Can we Learn Something From the Air Force?
B-21 avoided the Tree of Woe
The Navy's tale of woe in trying to force the acquisition system to actually produce something besides process is almost too painful to recall, especially on the surface side of the house.
We have the walking wounded of LCS, the squib DDG-1000, the gilded promise Ford CVN, and the never-was-has-been CG(X). We have hope that we can't screw up the existing Franco-Italian FREMM in the upcoming modified to American requirements Constellation Class FFG, but we shall see if our optimism is well placed.
As we all wait with bated breath and gritted teeth on what may be with DDG(X), we should look around to see if there is a benchmark recently that did work.
On the surface side of the house, LPD-17 won't quite make the cut as it was only made to work with a lot of additional money and Sailor sweat, though we can call it adequate, if a bit expensive and clunky in initial execution.
We can look over at the aviation side of the house, but that is quite spotty. F-35 is meeting our lowered expectations, but it is a Joint hobbled kludge. If you ignore the pile of pants that is maintenance, the sub side of the house seems to be doing quite well, but they're a special case in a variety of ways. The Super Hornet program was a great success, but that was only because NAVAIR tricked everyone in to thinking that it was just an update to the Hornet...which it was absolutely not.
Hmmmm, a successful acquisition system from the 1990s that was a success by ... bypassing the acquisition system. Did anyone learn a lesson there?
Well, it appears the USAF did in the B-21. Via Stephen Losey at DefenseNews;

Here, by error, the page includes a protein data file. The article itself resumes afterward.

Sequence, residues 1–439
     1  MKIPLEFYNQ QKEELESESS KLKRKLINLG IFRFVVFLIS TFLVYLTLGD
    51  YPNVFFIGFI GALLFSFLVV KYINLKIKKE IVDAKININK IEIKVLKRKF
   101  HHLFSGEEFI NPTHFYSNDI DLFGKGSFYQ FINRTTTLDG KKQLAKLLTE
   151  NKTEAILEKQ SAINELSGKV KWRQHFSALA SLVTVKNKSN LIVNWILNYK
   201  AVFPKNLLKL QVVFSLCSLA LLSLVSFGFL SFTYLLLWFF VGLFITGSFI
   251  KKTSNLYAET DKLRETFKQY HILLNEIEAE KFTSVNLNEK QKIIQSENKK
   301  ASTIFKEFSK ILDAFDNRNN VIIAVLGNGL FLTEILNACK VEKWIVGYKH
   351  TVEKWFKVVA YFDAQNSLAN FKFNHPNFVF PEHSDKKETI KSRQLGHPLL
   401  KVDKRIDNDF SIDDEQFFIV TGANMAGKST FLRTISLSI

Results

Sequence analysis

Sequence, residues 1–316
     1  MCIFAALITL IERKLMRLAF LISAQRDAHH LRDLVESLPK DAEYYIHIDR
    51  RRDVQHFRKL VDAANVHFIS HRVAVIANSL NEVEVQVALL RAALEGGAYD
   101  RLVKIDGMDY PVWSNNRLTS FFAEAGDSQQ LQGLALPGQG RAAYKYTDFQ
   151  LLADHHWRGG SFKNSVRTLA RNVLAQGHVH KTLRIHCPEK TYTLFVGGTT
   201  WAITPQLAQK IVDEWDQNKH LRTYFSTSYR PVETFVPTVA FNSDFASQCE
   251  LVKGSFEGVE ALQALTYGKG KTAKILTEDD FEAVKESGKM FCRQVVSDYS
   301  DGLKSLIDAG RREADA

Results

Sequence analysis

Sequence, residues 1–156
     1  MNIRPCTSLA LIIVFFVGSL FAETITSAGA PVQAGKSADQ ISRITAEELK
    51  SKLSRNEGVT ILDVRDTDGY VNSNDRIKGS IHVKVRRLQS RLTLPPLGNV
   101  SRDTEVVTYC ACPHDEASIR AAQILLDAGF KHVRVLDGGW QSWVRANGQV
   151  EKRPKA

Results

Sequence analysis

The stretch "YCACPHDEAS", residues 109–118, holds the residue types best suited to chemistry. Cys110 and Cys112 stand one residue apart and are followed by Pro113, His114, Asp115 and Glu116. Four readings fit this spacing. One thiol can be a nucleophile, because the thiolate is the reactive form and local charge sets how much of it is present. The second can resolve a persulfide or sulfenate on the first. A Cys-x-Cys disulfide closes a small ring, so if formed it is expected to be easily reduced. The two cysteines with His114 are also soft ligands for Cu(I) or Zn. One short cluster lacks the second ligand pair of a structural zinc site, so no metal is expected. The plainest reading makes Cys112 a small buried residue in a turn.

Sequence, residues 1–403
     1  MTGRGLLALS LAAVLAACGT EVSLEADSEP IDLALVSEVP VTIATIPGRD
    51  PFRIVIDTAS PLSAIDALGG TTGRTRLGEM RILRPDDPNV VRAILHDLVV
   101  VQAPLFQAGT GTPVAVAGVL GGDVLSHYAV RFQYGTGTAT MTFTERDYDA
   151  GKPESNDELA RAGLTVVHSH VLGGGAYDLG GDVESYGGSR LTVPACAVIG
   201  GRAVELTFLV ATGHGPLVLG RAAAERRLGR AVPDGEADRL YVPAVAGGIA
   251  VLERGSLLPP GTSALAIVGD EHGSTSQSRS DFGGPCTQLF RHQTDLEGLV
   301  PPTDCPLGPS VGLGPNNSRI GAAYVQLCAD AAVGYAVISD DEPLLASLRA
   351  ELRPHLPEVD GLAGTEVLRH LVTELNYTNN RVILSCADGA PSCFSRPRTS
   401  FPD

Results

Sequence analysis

Following a dramatic unveiling of the B-21 bomber in California on Dec. 2, 2022, former Air Force leaders are holding a muted celebration. By moving from contract award to public rollout in seven years, they said in interviews with Defense News that they proved their acquisition strategy — despite McCain’s criticism — worked.
Better yet, they said, their unexpected approach might provide best practices for other major programs and serve as an antidote to the beleaguered development of the F-35 Joint Strike Fighter in the 1990s and 2000s.
Their secret? They learned how to limit bureaucracy.
“There were fewer checkers checking the checkers,” James said. “Don’t ever underestimate the ability of the Pentagon bureaucracy and these many, many reviews to slow the doggone thing down.”
Most notably, officials point to the unusual move to put the Rapid Capabilities Office in charge of the B-21′s development. That office had a narrowly focused team of skilled, experienced engineers and program managers, a board of directors to hash out key decisions and reviews, and an ability to cut through red tape, James said.
In other words, when you really want something done, you go around the system that is there to help you.
Kind of telling, isn't it?
...the Air Force’s decision to have the Rapid Capabilities Office take charge of developing the B-21 was a critical step in its acquisition process.